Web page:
One of my favorite sites (obviously), MIT’s Technology Review, has an article on “The Ascent of the Robotic Attack Jet“. But don’t let the “robotic” part fool you – it’s really quite alot about the software, hardware and interaction design necessary for a person to remotely control those nasty little buggers. I’d posted this on the Core forum, but it didn’t seem to be of interest to anyone. I’m feeling a little like Kyle Reese being interrogated by the police in The Terminator – no one will listen. “You can’t stop it!” Don’t say you weren’t warned.
The products they could make from herds of spidergoats and fields of webfalfa sounds amazing, and this article over at the MIT Tech Review site discusses some of them. But how bad do we really want this stuff?
CGNetworks posted a short blurb announcing SensAble Technologies new ClayTools system for 3DS Max. And there appears to be a Rhino3D version as well as a prototype for Maya (so this is what they wanted me to test for them). Looks promising.
The ClayTools system v1.0 supports 3DS Max releases 6 and 7 and will retail for US$2,795. For more information head over to the SensAble website.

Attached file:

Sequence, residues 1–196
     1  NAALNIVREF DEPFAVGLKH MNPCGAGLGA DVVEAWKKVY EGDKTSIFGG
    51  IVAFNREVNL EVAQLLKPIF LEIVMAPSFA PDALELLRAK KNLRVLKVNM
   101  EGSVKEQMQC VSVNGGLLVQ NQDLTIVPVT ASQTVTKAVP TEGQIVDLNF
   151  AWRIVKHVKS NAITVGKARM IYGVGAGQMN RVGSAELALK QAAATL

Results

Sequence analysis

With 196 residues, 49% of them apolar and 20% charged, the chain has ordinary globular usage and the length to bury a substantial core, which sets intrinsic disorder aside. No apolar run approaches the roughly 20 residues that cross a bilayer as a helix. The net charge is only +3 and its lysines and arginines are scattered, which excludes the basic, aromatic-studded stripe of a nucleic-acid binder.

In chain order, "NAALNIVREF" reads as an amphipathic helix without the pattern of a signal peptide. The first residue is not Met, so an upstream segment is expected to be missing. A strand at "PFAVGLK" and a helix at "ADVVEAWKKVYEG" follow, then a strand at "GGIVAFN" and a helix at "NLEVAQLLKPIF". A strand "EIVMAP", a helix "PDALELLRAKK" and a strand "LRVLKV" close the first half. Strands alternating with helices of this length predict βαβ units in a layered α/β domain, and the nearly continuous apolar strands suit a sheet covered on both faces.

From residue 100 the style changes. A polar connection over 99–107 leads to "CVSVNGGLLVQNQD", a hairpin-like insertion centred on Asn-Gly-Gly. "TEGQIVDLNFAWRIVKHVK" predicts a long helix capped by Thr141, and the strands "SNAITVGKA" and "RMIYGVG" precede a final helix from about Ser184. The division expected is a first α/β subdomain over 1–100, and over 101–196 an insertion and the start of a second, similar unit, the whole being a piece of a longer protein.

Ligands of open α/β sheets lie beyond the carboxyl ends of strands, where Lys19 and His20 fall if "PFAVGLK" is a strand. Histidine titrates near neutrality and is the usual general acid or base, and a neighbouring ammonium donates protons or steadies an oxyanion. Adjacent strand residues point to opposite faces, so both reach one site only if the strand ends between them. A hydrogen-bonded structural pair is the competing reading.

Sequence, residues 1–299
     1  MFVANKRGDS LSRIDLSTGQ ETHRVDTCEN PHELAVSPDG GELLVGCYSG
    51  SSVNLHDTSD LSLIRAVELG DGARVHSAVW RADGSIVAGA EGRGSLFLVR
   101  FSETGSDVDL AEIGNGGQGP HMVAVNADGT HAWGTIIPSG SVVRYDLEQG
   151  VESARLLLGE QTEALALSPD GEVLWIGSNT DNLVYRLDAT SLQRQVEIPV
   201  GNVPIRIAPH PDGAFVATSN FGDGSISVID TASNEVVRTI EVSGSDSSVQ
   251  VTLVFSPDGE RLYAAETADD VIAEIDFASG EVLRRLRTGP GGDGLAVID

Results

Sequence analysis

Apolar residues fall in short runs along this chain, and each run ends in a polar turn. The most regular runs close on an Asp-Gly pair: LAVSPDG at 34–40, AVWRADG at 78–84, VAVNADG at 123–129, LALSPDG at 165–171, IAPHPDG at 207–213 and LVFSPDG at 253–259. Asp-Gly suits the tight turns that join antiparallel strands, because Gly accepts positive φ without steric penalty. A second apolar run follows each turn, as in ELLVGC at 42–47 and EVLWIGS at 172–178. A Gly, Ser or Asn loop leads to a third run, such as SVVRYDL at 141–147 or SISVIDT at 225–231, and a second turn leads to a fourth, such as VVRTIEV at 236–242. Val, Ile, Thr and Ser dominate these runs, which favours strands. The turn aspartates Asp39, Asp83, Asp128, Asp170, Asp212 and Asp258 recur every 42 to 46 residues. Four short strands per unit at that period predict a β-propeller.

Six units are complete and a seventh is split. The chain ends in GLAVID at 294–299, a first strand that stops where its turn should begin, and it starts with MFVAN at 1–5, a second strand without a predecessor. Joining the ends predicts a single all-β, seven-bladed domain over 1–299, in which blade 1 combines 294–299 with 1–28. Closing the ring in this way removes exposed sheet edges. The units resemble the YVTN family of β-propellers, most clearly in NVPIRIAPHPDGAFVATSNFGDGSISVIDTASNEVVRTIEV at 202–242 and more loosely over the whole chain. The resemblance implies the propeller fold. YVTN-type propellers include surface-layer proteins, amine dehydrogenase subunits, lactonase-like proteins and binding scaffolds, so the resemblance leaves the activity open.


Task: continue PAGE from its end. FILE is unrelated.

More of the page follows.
Saying someone was living in their own world used to be a metaphor. More and more it’s coming to mean something else. For some reason there’s been a resurgence of online discussion about Augmented Reality and the MIT Technology Review site has a new article on it. I don’t know about AR graveyards though. I was really hoping for something more along the lines of “ARQuake” (maybe a multiplayer version with tasers….).
This all goes hand-in-hand with the big tech news for the past few days: Demo. Yahoo News has a short article (probably temporary too [Edit: it was, so I removed the link]) on a few of the hyped technologies at the Demo conference that maybe makes this augmented reality stuff more relevant: Intellifit body scanning, Novint Falcon haptics, MDA 3D modeling. This is all sounding very cyberspace-y. But instead of re-reading Snow Crash, go rent Videodrome. Confusion may be the order of the day but long live the new flesh, eh?
File this in the Interactive Design folder. Wired News dishes out the dirt on British designer Brendan Walker’s efforts to measure excitement. His “Thrill Measuring Device” appears to have obvious benefits for the videogame industry. Although if he thinks Doom3 is exciting, we’re all going to need custom calibrations. Next stop: the sweaty skin industry – or better yet, the Royal College of Art where Brendan is a research fellow. That place sounds like fun.